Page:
Kimberly Claeys, PharmD, discusses the need for more data on rapid diagnostics for gram-negative bloodstream infections.
Segment Description: Kimberly Claeys, PharmD, an assistant professor of pharmacy practice at Maryland School of Pharmacy, discusses the need for more data on rapid diagnostics for gram-negative bloodstream infections.
Claeys: Rapid diagnostics are critical to improving outcomes in bloodstream infections in a variety of ways. We already know from previous literature that having stewardship involved in rapid diagnostics improves patient outcomes. It can decrease length-of-stay, improve mortality. The thing is most of that data is driven by gram-positive bloodstream infections. We really don't know our role for gram-negative bloodstream infections as much.
The thing that I thought was surprising or unexpected that we observed was that we actually still saw a change in antibiotic time even without active antimicrobial stewardship intervention. Based on previous studies we assumed that without an active antimicrobial stewardship intervention we weren't going to see that big of an impact. But seeing a decrease of about 20 hours to optimal therapy even without stewardship involvement was surprising. Granted it was primarily driven by our ID consult teams and it was all escalation, but I'm still surprised at how big the difference was.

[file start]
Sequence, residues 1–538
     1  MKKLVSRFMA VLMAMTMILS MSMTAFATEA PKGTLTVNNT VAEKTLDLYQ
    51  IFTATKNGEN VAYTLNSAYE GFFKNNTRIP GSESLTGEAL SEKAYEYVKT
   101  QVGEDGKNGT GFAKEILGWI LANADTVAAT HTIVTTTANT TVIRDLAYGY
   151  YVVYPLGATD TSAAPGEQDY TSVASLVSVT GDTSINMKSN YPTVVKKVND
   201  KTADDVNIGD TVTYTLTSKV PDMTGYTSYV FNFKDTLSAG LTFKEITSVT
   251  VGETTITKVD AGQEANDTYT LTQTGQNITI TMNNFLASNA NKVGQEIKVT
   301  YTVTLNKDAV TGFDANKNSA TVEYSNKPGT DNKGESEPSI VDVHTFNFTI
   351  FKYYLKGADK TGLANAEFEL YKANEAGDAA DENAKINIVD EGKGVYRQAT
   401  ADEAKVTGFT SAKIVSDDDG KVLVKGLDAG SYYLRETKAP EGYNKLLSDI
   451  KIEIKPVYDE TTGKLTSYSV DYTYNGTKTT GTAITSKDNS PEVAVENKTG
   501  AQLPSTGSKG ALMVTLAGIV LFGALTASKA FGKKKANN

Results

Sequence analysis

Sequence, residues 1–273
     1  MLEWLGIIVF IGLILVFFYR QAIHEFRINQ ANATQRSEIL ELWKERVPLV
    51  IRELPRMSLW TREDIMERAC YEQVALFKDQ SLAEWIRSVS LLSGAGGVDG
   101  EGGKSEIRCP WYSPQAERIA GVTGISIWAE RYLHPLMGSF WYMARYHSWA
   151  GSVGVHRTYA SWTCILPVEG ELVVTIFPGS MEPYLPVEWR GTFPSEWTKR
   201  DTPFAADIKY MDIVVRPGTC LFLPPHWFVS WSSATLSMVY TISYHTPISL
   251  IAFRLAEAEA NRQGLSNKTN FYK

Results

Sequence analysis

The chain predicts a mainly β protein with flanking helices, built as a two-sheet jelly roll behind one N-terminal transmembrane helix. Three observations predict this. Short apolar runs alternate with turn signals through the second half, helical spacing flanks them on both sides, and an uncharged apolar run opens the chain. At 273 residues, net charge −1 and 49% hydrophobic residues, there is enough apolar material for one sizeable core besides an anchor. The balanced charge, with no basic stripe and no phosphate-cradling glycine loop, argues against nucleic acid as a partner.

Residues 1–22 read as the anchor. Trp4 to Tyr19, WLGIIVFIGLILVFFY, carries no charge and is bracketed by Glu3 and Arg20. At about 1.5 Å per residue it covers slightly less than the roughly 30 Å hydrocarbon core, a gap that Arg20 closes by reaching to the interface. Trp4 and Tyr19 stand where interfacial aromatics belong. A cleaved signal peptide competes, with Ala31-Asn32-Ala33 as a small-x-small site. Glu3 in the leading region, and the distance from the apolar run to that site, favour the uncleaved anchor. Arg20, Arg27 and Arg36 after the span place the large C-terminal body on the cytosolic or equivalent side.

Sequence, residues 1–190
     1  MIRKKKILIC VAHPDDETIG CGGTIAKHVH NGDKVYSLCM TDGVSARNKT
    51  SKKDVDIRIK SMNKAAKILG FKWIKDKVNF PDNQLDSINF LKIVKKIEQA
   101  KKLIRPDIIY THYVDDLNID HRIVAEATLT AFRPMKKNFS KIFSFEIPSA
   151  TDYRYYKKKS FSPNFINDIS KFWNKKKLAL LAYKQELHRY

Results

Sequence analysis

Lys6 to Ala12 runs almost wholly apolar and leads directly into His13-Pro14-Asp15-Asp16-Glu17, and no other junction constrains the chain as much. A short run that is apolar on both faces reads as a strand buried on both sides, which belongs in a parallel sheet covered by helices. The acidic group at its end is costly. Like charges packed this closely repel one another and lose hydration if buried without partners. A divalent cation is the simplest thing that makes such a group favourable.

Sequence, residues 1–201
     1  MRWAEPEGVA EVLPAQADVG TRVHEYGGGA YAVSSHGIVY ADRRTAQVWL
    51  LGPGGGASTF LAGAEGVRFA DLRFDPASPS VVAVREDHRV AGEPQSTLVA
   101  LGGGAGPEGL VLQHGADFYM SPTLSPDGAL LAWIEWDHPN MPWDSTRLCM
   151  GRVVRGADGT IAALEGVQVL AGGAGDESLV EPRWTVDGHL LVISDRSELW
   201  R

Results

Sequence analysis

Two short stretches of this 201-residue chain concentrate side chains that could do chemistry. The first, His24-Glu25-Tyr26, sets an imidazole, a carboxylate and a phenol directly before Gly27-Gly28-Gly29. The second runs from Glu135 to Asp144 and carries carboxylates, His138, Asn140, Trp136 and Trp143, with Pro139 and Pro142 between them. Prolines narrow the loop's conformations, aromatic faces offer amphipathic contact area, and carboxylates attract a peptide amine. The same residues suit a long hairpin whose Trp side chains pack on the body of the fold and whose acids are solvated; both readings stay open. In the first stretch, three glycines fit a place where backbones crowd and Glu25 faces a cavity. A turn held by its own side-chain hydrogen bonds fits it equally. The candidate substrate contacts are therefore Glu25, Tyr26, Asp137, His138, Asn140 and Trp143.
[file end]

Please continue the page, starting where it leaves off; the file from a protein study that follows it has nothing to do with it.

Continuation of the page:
With our current study we found that we were doing really well with optimal escalation of therapy without active antimicrobial stewardship involvement. I think stewardship is going to be key to help with de-escalation. Again, gram-negatives are tricky it's not like gram-positives where the panel tends to be more complete for the rapid diagnostic. The rapid diagnostic in these cases doesn't always provide complete data so making decisions off of it can be more challenging. But having our stewardship team go through and validate how the rapid diagnostic can be used based on your own institutional susceptibility profile is really key to helping actually use this for de-escalation. Realistically, de-escalation is difficult in the setting of incomplete data that these rapid diagnostics provide, but it’s not impossible.